I have a few recommendations.  Echoing what James said about the virtues, I would suggest reading the works of James B. Stenson.  Mr. Stenson is a Catholic former headmaster of Christian private schools and has over the years collected much valuable anecdotal insight into what makes an effective parent (especially an effective father).  His short booklet "Successful Fathers" or longer, more comprehensive work "Compass" are worthwhile.

https://scepterpublishers.org/search?q=james+stenson

He also has free excerpts from his website:  http://www.parentleadership.com/

And again, echoing James, you can listen to some of Father Ripperger's talks on masculinity.

https://www.youtube.com/results?search_query=father+ripperger+masculinity

Or Michael Voris:

https://www.youtube.com/results?search_query=michael+voris+masculinity

I have not read this book yet but it is sitting on my shelf:  https://www.amazon.com/Be-Man-Becoming-God-Created/dp/1586174037

Cheers.
 
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Offline Davis Blank - EG

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Re: Traditional masculinity
« Reply #9 on: November 14, 2017, 08:35:58 AM »
I also think the way catholics tend to talk about gender roles reduces us to our social function in relation to the other sex... so what makes a man a man, is his ability to provide & protect (hence why traditional masculinity is incompatible with disability and vulnerability).  if you cant provide & protect then you arent really a man.  you have no dignity as a man, and if you have no dignity as a man, you have no dignity as a human being.  it is hard to get out of that mindset once you get there even if you know it's false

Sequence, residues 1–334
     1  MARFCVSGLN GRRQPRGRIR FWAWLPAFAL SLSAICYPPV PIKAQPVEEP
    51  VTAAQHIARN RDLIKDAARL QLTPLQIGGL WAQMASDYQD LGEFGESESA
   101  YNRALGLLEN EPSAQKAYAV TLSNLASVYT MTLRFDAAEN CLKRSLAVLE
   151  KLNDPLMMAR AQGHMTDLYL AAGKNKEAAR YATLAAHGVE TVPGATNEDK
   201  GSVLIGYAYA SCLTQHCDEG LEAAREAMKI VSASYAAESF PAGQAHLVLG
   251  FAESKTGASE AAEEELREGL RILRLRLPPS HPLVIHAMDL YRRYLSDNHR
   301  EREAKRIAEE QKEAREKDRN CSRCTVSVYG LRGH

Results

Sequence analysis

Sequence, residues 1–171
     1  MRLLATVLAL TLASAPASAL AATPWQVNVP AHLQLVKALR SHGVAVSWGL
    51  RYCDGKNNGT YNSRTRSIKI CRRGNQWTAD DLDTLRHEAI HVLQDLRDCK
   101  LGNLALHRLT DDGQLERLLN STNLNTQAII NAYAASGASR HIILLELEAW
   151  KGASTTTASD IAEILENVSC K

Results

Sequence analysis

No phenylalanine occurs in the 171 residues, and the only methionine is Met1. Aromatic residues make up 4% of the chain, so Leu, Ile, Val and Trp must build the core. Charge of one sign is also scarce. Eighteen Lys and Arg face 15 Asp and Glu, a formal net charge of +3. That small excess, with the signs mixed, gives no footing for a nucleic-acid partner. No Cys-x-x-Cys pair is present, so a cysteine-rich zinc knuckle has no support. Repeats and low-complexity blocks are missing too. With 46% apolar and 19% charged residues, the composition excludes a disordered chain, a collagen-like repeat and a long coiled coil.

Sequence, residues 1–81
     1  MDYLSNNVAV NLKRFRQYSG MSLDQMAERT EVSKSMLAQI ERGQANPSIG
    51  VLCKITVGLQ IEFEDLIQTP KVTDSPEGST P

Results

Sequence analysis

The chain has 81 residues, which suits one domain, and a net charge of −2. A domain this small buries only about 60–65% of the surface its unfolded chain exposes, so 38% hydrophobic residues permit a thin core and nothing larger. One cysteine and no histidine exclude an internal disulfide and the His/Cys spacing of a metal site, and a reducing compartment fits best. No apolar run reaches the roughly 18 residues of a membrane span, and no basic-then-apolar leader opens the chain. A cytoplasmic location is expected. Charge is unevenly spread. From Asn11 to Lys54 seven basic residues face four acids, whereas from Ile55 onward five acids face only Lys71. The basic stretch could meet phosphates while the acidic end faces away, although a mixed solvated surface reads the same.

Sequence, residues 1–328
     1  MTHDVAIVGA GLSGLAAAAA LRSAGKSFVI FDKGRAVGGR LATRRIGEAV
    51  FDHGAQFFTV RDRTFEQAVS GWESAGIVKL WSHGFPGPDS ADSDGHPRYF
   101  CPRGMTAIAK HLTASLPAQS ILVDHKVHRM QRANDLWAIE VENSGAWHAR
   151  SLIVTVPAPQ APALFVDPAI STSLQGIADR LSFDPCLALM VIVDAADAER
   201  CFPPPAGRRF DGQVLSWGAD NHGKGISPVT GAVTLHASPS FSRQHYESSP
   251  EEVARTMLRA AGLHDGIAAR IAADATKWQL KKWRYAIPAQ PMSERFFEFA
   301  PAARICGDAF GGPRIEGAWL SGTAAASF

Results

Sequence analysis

My friend,

A man does not cease to be a man when he becomes elderly, does he?  Nonsense.  Why then would a disabled man be anything less than a man?  Jesus was no less the perfect man when he was incapacitated on the cross.

To the extent that you are physically capable, do you put your family ahead of you?  Do you not, to the best of your physical ability, and probably often when in pain, do your best to watch your children?  It is a manly act each time you put on your best face for the sake of your children or wife, when on the inside you might be in pain and sorrow (which is not to say that you cannot express such pain and sorrow, there is a manly golden mean between emoting and stoicism).